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East Asian Free Trade Agreement (EAFTA): The road to better quality life?

Asian Institute of Management

Policy Center

East Asian Free Trade Agreement (EAFTA): The road to better quality life? (or the road to East Asian Community? Or the road to global free trade?)

“Cooperation ultimately depends on a sense of community at a people-to-people level. We must begin to take pride in belonging to the Asian community...”
— Former President Fidel V. Ramos in his keynote speech, EAFTA International Symposium

The AIM Policy Center and the Japan Economic Foundation co-convened an international conference entitled “An Integrated Road Map to East Asian Free Trade Agreement” at the Peninsula Manila last 4 February 2005. Distinguished speakers from China, Indonesia, Japan, Republic of Korea, Singapore, Taiwan (ROC), Thailand, and the Philippines gathered for an in-depth discussion on the East Asian Free Trade together with representatives from government, business sector, academe and non-governmental organizations. Panelists included Dr. Tomas Aquino, Undersecretary, International Trade Group, Department of Trade and Industry-Philippines; Dr. Thanong Bidaya, Vice Chairman of the Council of Economic Advisors to the Prime Minister - Thailand; Mr. Jacques Desponts, Senior Executive Vice President, Member of the Executive Committee, BNP PARIBAS (Former Deputy Minister of Foreign Economic Relations, Ministry of Finance and Budget- France); Dr. Hank Lim, Director of Research, Singapore Institute of International Affairs (SIIA); Dr. Chulsu Kim, President, Sejong University; Mr. Tadakatsu Sano, former Vice Minister for International Affairs, Ministry of Economy, Trade and Industry-Japan; Mr. Vincent Siew, Chairman, Chung-Hua Institution for Economic Research, Taiwan-Japan Science and Technology Interchange Committee (Former Premier of Taiwan R.O.C.); Dr. Hadi Soesastro, Executive Director, Center for Strategic and International Studies (CSIS); Mr. Yasuo Tanabe, Vice President, Research Institute of Economy, Trade and Industry (RIETI) - Japan; A/P Simon SC Tay, Chairman, Singapore Institute of International Affairs; Mr. Hiroshi Tsukamoto, President, Japan External Trade Organization (JETRO); Dr. Shujiro Urata, Professor, School of Social Science, Waseda University; H.E. Mr. Ong Keng Yong, Secretary-General, Association of Southeast Asian Nations (ASEAN); Prof. Zhang Yunling, Director, Institute of Asia Pacific Studies/APEC Policy Center, Chinese Academy of Social Sciences. The symposium was co-chaired by Dr. Federico M. Macaranas, AIM Policy Center Executive Director and former Foreign Affairs Undersecretary and Mr. Noburo Hatakeyama, Chairman and Chief Executive Officer of JEF.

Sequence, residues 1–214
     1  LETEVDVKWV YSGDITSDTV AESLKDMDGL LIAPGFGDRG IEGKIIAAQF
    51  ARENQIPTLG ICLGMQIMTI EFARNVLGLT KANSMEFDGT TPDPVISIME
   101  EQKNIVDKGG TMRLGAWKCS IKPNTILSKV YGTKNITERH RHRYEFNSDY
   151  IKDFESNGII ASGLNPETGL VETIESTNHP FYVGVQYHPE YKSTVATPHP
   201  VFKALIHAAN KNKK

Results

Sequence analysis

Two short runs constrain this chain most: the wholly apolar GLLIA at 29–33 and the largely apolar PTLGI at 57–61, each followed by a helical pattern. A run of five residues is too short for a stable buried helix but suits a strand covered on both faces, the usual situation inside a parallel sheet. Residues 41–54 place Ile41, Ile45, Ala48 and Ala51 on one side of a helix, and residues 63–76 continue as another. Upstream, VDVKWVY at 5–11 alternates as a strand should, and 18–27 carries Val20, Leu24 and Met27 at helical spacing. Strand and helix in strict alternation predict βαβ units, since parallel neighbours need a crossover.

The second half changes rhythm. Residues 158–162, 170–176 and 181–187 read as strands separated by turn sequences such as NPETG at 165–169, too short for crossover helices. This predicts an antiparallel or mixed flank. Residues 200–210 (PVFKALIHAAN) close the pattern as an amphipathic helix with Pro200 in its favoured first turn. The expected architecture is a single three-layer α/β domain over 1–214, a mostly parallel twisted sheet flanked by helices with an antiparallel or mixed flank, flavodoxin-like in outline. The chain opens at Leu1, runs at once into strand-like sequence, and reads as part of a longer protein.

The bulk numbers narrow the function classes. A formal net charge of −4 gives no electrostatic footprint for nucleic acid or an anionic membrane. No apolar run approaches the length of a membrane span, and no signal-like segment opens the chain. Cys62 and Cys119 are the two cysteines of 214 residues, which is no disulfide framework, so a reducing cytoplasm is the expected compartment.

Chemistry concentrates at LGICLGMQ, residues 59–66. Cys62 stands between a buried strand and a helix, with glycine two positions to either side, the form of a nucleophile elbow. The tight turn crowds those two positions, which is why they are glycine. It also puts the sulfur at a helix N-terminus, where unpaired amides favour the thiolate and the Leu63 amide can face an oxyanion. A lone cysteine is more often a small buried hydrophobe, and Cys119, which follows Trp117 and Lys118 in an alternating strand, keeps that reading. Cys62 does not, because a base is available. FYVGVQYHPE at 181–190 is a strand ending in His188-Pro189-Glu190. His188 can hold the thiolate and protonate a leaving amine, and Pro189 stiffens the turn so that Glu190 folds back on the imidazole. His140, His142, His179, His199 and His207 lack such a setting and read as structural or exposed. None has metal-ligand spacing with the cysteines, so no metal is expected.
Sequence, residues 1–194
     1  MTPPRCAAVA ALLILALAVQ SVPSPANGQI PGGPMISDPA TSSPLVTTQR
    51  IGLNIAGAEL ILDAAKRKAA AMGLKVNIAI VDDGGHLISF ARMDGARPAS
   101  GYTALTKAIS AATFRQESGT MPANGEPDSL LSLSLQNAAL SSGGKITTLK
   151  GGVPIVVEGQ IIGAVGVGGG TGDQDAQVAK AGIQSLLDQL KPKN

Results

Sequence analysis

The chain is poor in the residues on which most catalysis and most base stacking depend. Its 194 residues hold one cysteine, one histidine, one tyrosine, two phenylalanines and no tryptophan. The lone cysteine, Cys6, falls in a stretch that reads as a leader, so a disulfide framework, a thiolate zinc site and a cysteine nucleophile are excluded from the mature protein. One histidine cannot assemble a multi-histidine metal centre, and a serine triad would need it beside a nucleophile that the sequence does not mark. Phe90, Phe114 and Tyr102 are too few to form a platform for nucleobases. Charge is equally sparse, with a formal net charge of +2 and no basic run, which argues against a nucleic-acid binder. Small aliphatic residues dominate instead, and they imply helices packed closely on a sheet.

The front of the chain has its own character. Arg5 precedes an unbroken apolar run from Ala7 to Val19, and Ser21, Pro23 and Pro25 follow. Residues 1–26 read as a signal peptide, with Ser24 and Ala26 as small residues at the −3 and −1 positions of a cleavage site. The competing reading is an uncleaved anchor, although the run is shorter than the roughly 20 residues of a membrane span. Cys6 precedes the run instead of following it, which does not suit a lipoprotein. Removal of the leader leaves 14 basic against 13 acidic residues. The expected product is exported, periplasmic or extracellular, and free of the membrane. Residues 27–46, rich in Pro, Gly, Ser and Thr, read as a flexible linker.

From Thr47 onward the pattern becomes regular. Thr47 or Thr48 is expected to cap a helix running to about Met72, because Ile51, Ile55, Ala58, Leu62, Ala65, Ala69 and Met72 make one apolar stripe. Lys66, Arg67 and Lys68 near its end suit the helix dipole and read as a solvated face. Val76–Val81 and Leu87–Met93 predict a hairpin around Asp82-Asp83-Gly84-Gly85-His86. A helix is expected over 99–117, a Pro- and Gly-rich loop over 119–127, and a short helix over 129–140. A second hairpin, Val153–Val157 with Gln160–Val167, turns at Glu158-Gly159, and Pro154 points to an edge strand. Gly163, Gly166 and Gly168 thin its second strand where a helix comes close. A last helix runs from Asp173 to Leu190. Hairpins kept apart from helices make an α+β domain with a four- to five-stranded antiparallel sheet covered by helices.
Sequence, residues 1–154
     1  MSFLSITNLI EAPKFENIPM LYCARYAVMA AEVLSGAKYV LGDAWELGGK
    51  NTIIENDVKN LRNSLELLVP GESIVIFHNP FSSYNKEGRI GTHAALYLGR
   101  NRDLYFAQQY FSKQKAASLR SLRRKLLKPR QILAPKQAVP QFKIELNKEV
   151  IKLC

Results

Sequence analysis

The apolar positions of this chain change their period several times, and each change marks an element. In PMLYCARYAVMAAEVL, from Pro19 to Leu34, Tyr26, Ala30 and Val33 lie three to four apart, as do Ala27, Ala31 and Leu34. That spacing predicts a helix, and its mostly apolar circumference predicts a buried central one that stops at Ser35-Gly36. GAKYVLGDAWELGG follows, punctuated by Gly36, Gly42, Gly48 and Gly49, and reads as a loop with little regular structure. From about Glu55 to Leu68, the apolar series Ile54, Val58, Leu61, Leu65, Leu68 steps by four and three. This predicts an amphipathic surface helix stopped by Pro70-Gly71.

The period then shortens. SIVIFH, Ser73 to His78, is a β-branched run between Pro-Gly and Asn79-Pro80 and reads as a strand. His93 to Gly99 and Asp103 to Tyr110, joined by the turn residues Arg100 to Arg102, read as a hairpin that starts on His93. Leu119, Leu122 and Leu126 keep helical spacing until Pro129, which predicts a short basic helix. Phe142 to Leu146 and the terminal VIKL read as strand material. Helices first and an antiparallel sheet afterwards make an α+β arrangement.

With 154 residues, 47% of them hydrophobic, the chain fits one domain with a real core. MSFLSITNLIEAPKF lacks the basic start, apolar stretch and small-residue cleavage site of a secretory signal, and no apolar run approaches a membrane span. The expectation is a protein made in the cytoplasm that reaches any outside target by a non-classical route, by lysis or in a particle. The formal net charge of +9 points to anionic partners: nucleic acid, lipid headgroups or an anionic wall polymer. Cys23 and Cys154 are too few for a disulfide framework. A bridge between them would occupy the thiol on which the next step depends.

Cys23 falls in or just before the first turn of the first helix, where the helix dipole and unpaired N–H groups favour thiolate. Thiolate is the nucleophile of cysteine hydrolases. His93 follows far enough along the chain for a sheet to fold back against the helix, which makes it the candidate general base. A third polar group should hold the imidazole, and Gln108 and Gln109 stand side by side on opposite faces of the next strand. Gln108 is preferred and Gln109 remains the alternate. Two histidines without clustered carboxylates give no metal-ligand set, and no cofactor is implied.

H.E. former President Fidel V. Ramos, in his keynote address, highlighted the vital role of regional integration in developing the global financial market, the establishment of worldwide supply of chain networks, and the revolution of information and communication technology (ICT). EAFTA was envisaged to facilitate the “integration of the East Asian economies, ultimately leading to an East Asia Economic Community.” Furthermore, EAFTA, which can take the form of “encompassing bilateral and sub-regional free trade areas in the region,” seeks to boost not only intra-regional trade and investments, but also cooperation among East Asian countries including human resource development, tourism, security, environment, and financial services. EAFTA is seen as a prelude to the ASEAN Common Market by 2020 where there is free movement of goods, services, investments and people.